The Chisholm Trail Parkway is a mistake.
Every new or widened highway just results in siphoning energy out of the central city to development in the far fringe, which is unsustainable from an economic, environmental, and transportation perspective.
More developments that will exist in their own vacuums, disconnected from anything else.
More developments that will REQUIRE the use of a car to get to and from and between them, further increasing this city’s over-dependence on one mode of transportation and further degrading the human environment, our health, and the city’s budget.
More cars thrown onto streets.
The city shoving its head further into the sand and pretending it’s still 1960 and gas is cheap and plentiful and we are ignorant of the massive negative effects of the planning and development that’s happened since World War II.
More roads that further delay any hope of this city getting serious about other forms of planning and transportation and getting further left behind by other cities that are embracing the 21st century while we delude ourselves into thinking we can build a couple of urban entertainment/parking garage districts while still pretending the other 99% of the city can keep on doing things unchanged with no ill effects.
(This was originally posted on the Fort Worth Architecture forum in response to a question asking why Fort Worth has so few bike commuters compared to other cities.)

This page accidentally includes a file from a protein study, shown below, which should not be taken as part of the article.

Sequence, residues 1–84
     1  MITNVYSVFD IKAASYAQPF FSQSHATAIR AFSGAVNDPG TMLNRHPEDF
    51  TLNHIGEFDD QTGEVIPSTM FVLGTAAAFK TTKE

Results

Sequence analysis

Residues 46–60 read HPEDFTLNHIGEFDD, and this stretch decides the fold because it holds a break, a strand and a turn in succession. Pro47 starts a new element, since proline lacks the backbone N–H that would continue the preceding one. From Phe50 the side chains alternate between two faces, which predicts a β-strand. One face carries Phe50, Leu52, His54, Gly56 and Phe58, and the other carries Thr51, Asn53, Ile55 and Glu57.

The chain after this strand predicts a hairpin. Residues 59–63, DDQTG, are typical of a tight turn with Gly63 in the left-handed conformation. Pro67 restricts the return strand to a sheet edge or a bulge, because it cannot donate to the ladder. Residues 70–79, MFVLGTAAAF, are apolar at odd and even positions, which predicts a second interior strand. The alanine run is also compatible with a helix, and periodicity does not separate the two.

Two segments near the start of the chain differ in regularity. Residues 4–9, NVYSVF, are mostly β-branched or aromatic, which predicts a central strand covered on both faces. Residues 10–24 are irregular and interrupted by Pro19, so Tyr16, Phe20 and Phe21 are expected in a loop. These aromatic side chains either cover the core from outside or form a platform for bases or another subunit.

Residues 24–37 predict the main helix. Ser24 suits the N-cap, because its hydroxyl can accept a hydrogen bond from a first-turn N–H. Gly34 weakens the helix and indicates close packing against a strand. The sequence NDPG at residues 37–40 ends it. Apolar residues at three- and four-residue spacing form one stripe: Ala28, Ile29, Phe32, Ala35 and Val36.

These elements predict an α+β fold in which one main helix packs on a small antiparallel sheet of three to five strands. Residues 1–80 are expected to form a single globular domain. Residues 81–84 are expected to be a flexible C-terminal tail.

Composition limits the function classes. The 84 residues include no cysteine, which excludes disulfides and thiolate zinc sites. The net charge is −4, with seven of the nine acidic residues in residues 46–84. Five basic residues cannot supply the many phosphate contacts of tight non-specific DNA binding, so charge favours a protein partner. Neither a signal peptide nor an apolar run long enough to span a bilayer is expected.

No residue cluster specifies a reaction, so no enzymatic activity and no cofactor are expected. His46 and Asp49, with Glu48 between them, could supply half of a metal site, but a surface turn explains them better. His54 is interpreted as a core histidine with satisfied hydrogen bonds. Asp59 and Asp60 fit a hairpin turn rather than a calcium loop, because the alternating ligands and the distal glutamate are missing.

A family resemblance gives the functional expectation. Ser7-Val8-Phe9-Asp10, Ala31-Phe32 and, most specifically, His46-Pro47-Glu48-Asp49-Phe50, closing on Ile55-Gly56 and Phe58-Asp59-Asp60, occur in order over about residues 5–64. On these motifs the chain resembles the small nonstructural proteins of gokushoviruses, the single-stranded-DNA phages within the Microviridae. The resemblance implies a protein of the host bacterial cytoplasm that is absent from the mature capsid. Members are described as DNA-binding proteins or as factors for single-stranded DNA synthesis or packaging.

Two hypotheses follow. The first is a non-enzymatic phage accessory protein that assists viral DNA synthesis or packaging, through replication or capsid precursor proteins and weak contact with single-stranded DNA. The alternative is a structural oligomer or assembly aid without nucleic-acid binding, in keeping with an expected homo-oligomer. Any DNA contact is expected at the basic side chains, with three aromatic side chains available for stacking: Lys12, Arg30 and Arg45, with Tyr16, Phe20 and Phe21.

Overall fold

Our bike infrastructure has improved from basically nothing, so while it’s definitely improved, it still has a LOOOOOOOOOOONG way to go. The only part of town with consistently half-….no, 1/4th-acceptable bike infrastructure is the Near Southside, and that’s a small slice. There are a lot more bike infrastructure projects we could be doing but are not. The Near Southside is also the only place in the city with halfway consistent bike infrastructure - look at how the 7th Street bike lanes/bridge just dump you out into a bunch of traffic with nothing but a sharrow to guide you, or look at how so much of the downtown bike infrastructure stops when you hit Sundance Square, or look at how few connections there are between areas (the South Main underpass, for example, still being the only unbroken dedicated bike infrastructure connection between downtown and the Southside). All of that contributes to dissuading people from trying to bike. You have to build it, and it has to be consistent. We still have way too many sections where a bike lane dumps out into unprotected traffic which gives way to a random 1/2 block bike lane which then disappears, etc. etc. etc.
The last several times I’ve been in Austin, they have really accelerated their bike infrastructure programs and have quite a bit more than we do now, or at least that’s been my perception. And of course, even our finest infrastructure pales in comparison to a place like Portland’s.
In the aforementioned Near Southside, there are tons more people using bikes than there were before the bike infrastructure started showing up. Not all are commuters - though I don’t know if all the many people who ride their bikes to work every day in the various Magnolia businesses are considered “commuters” for the purpose of counting - but they still count to me. Families, people running errands, etc. A tiny slice of the city, but a massive change for a district.